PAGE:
During the 1951 Refugee Convention, the international community agreed upon and defined the word “refugee.” Article One calls him or her a person who has left their country, “owing to well-founded fear of being persecuted for reasons of race, religion, nationality, membership of a particular social group or political opinion.”
But events of the last century have shown this definition inadequate. Some flee severe poverty and lack of economic opportunity. Some seek access to clean water, a consistent source of food or much needed health care. Many are forced from their homes by natural disasters. These people are called climate change refugees.
The UNHCR reports that in the last 20 years, the number of natural disasters per year has doubled and now sits at 400. Nine-tenths of natural disasters are climate related.
The organization breaks disasters into categories.
Hydro-meteorological disasters are floods, hurricanes, mudslides, etc. In 2013, Typhoon Haiyan struck the Philippines and displaced nearly 4 million people. But they remained in the country, and the typhoon had not been after their freedom of speech or religion. Technically, the victims did not fall under the purview of the UNHCR. Still, aid was provided.
Second are zones designated ‘high-risk’ by their governments. Third is the sinking of landmasses, for the most part, small islands.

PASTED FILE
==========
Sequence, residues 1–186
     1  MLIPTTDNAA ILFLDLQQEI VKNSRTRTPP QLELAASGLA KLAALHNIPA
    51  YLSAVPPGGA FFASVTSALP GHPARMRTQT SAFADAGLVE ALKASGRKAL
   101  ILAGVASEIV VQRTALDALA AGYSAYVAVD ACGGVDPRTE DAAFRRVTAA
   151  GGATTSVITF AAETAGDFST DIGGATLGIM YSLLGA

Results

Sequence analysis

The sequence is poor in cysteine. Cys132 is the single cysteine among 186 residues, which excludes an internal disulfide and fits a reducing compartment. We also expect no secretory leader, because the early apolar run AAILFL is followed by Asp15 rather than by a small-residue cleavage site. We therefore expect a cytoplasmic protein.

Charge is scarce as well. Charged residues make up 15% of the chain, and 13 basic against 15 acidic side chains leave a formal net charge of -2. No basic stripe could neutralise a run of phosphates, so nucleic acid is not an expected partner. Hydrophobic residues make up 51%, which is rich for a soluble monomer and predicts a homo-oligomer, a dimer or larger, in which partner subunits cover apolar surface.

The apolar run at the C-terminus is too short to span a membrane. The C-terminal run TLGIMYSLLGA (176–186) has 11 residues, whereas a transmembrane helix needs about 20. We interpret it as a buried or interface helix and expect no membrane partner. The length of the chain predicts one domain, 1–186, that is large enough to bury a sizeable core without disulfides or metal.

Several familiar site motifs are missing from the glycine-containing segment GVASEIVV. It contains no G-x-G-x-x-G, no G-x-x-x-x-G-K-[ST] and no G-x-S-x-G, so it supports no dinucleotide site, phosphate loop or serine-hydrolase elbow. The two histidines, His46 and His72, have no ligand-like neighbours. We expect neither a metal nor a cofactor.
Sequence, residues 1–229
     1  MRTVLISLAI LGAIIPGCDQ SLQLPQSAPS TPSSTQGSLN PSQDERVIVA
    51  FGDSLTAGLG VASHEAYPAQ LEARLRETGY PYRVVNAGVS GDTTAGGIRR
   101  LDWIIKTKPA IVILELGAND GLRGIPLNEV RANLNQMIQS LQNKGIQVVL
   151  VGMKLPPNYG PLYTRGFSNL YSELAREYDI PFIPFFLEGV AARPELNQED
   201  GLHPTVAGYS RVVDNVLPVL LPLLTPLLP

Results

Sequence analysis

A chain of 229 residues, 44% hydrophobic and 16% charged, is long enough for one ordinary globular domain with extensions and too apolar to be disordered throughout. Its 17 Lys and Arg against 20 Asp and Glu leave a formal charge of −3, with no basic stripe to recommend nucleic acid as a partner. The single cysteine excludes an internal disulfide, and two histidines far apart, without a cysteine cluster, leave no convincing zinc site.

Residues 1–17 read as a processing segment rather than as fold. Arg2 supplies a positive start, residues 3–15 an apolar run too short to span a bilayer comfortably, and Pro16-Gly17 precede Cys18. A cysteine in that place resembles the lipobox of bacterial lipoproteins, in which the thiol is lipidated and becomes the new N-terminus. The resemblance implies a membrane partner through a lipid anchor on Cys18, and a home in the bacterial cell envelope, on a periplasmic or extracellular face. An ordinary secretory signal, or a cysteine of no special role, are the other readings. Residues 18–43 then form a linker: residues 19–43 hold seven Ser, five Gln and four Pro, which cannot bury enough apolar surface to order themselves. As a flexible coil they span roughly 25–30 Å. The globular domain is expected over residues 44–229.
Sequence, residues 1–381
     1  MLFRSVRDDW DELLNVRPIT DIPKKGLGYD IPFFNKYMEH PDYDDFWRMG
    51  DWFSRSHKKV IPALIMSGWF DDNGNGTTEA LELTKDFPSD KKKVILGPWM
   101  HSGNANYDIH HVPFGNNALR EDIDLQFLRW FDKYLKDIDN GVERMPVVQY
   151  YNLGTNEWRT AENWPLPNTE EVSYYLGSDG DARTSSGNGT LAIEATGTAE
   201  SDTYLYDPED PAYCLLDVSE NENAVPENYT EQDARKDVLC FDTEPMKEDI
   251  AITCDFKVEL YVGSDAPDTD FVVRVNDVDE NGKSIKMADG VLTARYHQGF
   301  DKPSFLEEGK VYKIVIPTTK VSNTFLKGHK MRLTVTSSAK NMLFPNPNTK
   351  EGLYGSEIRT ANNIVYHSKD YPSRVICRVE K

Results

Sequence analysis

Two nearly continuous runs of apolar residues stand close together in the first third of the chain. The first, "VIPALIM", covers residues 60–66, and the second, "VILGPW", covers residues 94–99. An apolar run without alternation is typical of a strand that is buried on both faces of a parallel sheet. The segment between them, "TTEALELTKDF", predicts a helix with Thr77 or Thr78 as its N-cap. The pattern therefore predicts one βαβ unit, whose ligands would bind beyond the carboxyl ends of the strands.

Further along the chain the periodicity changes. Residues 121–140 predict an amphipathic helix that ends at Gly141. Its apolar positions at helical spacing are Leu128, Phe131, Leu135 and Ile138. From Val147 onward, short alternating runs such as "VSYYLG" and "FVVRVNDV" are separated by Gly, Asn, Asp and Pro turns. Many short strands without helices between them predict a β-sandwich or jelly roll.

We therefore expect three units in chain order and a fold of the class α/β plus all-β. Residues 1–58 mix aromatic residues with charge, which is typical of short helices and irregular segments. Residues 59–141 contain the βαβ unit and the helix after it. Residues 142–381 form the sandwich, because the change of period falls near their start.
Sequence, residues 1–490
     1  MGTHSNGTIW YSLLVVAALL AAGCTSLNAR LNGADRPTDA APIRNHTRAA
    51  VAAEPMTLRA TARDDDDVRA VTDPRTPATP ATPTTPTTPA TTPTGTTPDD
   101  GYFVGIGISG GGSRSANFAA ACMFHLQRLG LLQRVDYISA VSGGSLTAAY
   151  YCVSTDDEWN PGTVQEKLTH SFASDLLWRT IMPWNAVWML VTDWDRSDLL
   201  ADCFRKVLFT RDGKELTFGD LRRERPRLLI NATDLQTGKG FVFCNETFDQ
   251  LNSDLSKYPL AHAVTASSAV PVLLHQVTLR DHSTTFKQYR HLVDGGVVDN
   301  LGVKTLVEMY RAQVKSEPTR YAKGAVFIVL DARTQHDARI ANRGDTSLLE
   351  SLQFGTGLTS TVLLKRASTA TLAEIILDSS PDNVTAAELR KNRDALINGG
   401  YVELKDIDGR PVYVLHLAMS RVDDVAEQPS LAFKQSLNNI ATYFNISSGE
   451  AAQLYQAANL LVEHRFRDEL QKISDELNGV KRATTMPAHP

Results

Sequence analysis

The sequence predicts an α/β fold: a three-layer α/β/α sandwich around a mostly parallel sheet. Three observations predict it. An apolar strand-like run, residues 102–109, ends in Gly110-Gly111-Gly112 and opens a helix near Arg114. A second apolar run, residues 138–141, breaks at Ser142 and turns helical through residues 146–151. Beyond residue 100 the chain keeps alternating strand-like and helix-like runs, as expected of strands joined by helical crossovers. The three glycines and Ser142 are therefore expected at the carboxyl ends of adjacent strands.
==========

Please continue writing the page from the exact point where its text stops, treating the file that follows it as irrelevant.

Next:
Fourth is “environmental degradation.” Deforestation and desertification, a reduction in available water, flooding and salinization of coastal areas are all included. For communities affected by climate change, especially those whose economies are agriculture-based, any one of these could be devastating.
Last is conflict caused by a change in availability of essential resources, namely water, land and food.
In 2010, over 42 million people were forced from their homes by natural disasters, sometimes across international lines. In response to the great number of migrant peoples affected by natural disasters, the UNHCR has had to reconsider its role in emergency relief.
The Nansen Initiative recommends vulnerable communities have an exit strategy in case of disaster. IRIN recently reported on Sebana-Demale, an Ethiopian village in an active, volcanic region. Combined with an utter lack of rain, living in Sebana-Demale is difficult. But in 15 years, it could be impossible.
So, according to the Initiative, people of Sebana-Demale and villages like it should be prepared to move. The Ethiopian government, as well as area states, should be ready to integrate the newly displaced population.
Favoring the-end-is-nigh rhetoric, the media and public interest have often ignored the humanitarian crises created by climate change. When they do, they ignore those now called climate change refugees.
— Olivia Kostreva